Describe access reviews
Microsoft Entra access reviews enable organizations to efficiently manage group memberships, access to enterprise applications, and role assignment. Regular access reviews ensure that only the right people have access to resources. Excessive access rights are a known security risk. However, when people move between teams, or take on or relinquish responsibilities, access rights can be difficult to control.
Microsoft Entra ID enables you to collaborate with users from inside your organization and with external users. Users can join groups, invite guests, connect to cloud apps, and work remotely from their work or personal devices. This convenience has led to a need for better access management capabilities.
There are many use cases in which access reviews should be used, here are just a few examples.
- Too many users in privileged roles: It's a good idea to check how many users have administrative access and if there are any invited guests or partners that haven't been removed after being assigned to do an administrative task. You can recertify the role assignment of users in Microsoft Entra roles such as Global Administrators, or Azure resources roles such as User Access Administrator in the Microsoft Entra Privileged Identity Management (PIM) experience.
- Business critical data access: For certain resources, such as business critical applications, it might be required as part of compliance processes to ask people to regularly reconfirm and give a justification on why they need continued access.
- To maintain a policy's exception list: Sometimes there are business cases that require you to make exceptions to policies. As the IT admin, you can manage this task and provide auditors with proof that these exceptions are reviewed regularly.
- Ask group owners to confirm they still need guests in their groups: If a group gives guests access to business sensitive content, then it's the group owner's responsibility to confirm the guests still have a legitimate business need for access.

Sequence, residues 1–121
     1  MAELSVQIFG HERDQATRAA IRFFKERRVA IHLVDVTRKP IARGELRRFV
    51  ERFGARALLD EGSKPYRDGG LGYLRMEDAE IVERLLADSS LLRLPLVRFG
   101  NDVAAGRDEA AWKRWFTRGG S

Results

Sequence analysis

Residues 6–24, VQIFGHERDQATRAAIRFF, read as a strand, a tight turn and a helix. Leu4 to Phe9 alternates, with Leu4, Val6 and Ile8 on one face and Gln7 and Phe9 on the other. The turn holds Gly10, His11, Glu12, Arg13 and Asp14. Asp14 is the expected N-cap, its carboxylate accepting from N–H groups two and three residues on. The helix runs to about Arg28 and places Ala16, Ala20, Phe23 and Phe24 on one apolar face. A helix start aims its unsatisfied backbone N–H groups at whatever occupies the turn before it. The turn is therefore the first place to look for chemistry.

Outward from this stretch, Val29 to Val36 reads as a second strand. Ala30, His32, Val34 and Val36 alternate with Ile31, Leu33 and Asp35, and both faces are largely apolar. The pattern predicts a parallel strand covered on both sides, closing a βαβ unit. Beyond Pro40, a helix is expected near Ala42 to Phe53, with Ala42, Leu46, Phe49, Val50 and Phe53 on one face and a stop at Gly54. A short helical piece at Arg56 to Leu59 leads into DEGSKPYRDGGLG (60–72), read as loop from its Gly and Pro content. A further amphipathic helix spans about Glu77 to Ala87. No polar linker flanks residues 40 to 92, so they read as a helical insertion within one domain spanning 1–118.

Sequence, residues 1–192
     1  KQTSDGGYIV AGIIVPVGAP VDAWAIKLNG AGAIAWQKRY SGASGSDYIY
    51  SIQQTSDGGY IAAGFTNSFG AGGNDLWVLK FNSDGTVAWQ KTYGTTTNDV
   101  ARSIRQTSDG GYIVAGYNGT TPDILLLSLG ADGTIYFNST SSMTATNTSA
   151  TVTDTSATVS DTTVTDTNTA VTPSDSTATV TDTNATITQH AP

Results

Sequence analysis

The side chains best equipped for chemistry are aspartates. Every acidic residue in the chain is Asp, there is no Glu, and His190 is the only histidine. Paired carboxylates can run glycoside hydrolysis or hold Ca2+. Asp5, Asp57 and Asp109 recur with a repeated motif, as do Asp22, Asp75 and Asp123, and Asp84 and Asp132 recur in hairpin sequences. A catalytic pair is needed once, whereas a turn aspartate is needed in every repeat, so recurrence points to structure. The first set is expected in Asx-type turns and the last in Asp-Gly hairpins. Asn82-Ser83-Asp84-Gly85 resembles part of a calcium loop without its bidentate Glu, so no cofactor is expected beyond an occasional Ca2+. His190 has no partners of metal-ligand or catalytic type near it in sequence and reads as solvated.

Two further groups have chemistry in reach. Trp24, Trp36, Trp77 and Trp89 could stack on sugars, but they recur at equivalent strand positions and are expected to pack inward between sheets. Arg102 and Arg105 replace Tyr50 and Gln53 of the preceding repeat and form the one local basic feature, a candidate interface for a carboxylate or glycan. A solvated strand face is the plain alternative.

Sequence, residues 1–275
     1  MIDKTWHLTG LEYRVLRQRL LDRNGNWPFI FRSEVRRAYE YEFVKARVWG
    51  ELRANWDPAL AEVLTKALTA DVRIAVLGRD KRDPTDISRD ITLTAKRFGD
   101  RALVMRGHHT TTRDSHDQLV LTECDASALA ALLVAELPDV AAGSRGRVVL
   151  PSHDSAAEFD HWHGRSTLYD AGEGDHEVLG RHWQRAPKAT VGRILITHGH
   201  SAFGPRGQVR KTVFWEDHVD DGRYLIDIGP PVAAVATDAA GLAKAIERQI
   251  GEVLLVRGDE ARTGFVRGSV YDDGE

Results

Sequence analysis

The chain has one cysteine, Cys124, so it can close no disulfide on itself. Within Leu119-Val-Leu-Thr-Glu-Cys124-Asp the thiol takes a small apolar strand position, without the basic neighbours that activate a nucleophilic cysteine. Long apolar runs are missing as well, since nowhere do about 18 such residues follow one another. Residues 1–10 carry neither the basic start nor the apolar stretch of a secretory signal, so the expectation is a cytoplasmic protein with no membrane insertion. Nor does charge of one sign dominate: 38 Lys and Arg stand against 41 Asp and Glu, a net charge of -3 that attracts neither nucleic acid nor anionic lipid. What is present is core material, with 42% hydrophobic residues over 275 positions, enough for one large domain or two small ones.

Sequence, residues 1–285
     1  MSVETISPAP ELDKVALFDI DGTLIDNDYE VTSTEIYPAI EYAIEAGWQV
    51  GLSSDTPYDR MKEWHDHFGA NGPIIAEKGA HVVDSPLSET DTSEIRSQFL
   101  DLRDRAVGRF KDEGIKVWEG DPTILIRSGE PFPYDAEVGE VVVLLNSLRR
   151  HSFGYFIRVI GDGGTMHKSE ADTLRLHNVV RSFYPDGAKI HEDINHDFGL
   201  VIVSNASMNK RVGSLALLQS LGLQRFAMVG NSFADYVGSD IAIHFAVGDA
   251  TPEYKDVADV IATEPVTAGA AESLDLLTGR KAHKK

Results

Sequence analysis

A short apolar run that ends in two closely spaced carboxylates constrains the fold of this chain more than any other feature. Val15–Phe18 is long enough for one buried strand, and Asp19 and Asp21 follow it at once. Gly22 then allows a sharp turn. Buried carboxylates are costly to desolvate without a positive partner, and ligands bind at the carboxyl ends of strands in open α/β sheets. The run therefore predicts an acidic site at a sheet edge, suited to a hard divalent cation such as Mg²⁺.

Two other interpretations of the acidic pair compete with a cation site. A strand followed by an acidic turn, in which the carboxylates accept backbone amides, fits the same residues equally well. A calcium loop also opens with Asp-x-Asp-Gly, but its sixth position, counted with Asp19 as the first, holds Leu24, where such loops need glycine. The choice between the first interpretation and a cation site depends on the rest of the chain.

- Have reviews recur periodically: You can set up recurring access reviews of users at set frequencies such as weekly, monthly, quarterly or annually, and the reviewers will be notified at the start of each review. Reviewers can approve or deny access with a friendly interface and with the help of smart recommendations.
Manage user and guest user access with access reviews
With access reviews, you can easily ensure that users or guests have appropriate access. You can ask the users themselves or a decision maker to participate in an access review and recertify (or attest) to users' access. The reviewers can give their input on each user's need for continued access based on suggestions from Microsoft Entra ID. When an access review is finished, you can then make changes and remove access from users who no longer need it.
Multi-stage access reviews
Microsoft Entra access reviews support up to three review stages, in which multiple types of reviewers engage in determining who still needs access to company resources. These reviews could be for membership in groups or teams, access to applications, assignments to privileged roles, or access package assignments. When review administrators configure the review for automatic application of decisions, at the end of the review period, access is revoked for denied users.
Multi-stage access reviews allow you and your organization to enable complex workflows to meet recertification and audit requirements calling for multiple reviewers to attest to access for users in a particular sequence. It also helps you design more efficient reviews for your resource owners and auditors by reducing the number of decisions each reviewer is accountable for.
Admins who create access reviews can track progress as the reviewers complete their process. No access rights are changed until the review is finished. You can, however, stop a review before it reaches its scheduled end.
When the review is complete, it can be set to manually or auto-apply changes to remove access from a group membership or application assignment, except for a dynamic group or a group that originates on-premises. In those cases, the changes must be applied directly to the group.